The more things change, the more they stay the same. Despite the re-introduction of 23 cards from Wild, Quest Shaman, Quest Druid and Aggro Combo Priest remain the most popular decks between five and one. Of course, if you’ve ever been on the wrong end of a Desert Hare / Evolve combo, you’ll know that the meta has changed dramatically in the era of Doom from the Tomb. All hail N’Zoth.

As always, the report comes from an analysis of statistics from HSReplay, along with personal game experience at high ranks. 

The Overview

The meta’s most powerful decks have seamlessly integrated their Wild cards (except, that is, for Aggro Combo Priest, which is the same as it ever was and still extremely strong). Quest Shaman and Quest Druid are still locked in battle, but the edge goes to Thrall this week. Once a fourth meta pillar, Highlander Hunter has dropped dramatically in playrate (though not so much in power, as Ragnaros the Firelord and Call of the Wild attest). 

Things are getting interesting at the top. At Legend, the Token Shaman pioneered by Jambre has evolved, both literally and figuratively. Evolve is a game-changer, as is Desert Hare, urging a playstyle that generates wide boards for Vessina and Bloodlust. Though Quest Shaman remains Thrall’s dominant deck, Evolve Shaman could be the real powerhouse. 

Outside of Resurrect Priest, which is performing extremely well, no control deck seems to have benefited from the arrival of N’Zoth. Though the Old God has made for a neat little package with Khartut Defender, the greedy control builds haunting the meta seem to be doing poorly, though this could be a statistical artifact since they are underplayed compared to their tempo-minded opponents. 

Regardless, healing is back on the menu, as is Taunt, making for longer games and requiring even the most aggressive of decks to pack mid-range threats. With the return of N'Zoth, Highlander Mage is much-improved, but interest is dwindling, as Jaina devotees turn to the various experiments that seek to exploit Flamewaker, a skill-testing card that has not yet found its build. Warlock's control builds have yet to perform adequately. Warrior is still bifurcated into two camps, Aggro and Control, but the class’ popularity has cratered across all ranks.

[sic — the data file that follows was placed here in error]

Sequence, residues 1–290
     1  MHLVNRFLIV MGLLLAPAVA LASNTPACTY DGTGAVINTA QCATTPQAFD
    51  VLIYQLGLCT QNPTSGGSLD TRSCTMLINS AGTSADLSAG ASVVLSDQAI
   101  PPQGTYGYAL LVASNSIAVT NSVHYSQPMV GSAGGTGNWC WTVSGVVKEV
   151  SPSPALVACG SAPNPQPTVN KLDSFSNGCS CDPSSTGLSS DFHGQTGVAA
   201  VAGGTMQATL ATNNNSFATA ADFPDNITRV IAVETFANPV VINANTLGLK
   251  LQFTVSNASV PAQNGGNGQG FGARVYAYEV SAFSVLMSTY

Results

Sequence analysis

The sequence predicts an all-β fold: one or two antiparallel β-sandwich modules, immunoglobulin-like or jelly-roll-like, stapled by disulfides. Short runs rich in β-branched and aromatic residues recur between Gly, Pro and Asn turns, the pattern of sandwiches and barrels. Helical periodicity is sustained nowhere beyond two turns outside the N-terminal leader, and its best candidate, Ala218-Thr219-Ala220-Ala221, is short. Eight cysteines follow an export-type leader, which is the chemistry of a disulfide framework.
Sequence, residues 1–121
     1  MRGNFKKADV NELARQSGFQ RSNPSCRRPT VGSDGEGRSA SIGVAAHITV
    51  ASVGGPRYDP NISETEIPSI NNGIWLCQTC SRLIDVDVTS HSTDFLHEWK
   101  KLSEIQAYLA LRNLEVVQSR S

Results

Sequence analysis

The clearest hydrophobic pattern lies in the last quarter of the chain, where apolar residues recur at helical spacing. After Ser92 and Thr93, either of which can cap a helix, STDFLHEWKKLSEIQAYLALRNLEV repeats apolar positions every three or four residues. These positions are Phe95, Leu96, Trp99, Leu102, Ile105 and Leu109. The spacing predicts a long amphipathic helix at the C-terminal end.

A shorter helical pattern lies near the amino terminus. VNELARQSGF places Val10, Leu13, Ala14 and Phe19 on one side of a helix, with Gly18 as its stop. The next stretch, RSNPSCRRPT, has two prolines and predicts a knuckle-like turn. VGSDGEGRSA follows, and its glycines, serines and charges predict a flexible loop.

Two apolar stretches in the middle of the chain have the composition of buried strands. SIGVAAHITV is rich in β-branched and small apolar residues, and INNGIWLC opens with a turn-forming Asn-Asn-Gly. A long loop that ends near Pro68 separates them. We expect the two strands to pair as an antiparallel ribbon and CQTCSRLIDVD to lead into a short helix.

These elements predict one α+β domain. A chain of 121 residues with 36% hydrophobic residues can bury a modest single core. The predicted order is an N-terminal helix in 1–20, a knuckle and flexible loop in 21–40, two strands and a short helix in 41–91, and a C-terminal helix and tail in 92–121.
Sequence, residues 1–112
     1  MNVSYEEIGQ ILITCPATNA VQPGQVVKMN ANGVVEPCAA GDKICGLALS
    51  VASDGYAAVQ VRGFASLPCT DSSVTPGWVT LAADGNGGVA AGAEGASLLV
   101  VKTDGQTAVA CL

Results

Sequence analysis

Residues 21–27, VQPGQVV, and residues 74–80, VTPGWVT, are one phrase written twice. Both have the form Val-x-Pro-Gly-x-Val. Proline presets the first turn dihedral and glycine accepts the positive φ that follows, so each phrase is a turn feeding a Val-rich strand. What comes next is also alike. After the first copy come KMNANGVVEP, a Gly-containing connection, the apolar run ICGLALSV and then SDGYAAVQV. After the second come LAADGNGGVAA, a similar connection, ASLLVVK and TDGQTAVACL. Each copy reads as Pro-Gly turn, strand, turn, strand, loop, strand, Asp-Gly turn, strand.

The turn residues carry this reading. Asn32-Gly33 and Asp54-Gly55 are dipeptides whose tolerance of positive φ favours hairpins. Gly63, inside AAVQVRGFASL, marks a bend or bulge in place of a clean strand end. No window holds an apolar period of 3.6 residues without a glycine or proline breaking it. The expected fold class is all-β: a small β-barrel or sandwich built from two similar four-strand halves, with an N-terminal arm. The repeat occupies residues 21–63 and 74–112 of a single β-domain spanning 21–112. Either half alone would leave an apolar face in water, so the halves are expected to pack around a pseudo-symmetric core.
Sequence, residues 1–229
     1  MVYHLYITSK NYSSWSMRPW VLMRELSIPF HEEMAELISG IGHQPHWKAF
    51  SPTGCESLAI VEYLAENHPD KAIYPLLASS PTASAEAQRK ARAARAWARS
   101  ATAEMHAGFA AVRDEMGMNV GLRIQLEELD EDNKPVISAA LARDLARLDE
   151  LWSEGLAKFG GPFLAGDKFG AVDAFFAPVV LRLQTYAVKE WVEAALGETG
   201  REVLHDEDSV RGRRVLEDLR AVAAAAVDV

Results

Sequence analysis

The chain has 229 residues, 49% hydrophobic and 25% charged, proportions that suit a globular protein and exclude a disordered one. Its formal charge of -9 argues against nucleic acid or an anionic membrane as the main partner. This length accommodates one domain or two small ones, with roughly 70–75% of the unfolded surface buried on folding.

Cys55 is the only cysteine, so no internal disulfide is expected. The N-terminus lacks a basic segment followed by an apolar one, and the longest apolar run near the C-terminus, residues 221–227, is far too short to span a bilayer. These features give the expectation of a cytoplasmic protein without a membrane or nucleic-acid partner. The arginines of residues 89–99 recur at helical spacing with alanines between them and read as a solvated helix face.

A swiss army knife of sorts, Kun the Forgotten King has slotted neatly into every meta Druid build. He provides a big body, survivability through armor gain and, in effect, a double-turn, refreshing our mana crystals in a move reminiscent of Twig of the World Tree. Kun is good enough to include in any Druid list, but along with Elise the Enlightened, Baleful Banker and Zephrys the Great, he’s empowered a new combo deck, one capable of frustrating opponents into concession. 

We’re calling it Infinite Quest Druid. It’s built around the Quest core with which we’re all familiar: draw from Crystal Merchant, Nourish, Wrath and Ferocious Howl; board control through Oasis Surger; the powerful AOE of Starfall and Swipe. These are the tools you need to get to the late game (and they can be hit or miss depending on your draw), but once you’ve curated your hand for duplication and run to the end of your deck, all you need is Elise and Banker to go infinite. Elise duplicates your Banker, then Banker sends Elise back into the deck for another go-around, creating an infinite loop and circumventing fatigue. Kun isn’t essential to the combo, but he’s probably the most powerful thing you can do at this point, especially in conjunction with Zephrys. In many matchups, the combo is practically irrelevant, but it’s a powerful strategy against opponents like Control Warrior or Highlander Mage.

In this meta, equal parts aggressive tempo decks and grindy control, standard Quest Druid remains the choice for laddering, though we can see a space for Malygos builds if the N’zoth-fueled madness continues unabated. When you can hide him behind a wall of Taunts, Emperor Thaurissan does amazing work in this deck, potentially eliminating the need to run Jepetto Joybuzz. That’s not much of a surprise, but this deck should be reinvigorated by the post-patch influx of shambling control decks like Resurrect Priest. There’s no need to interact with N’zoth boards if you can just burst them down with duplicated Moonfires.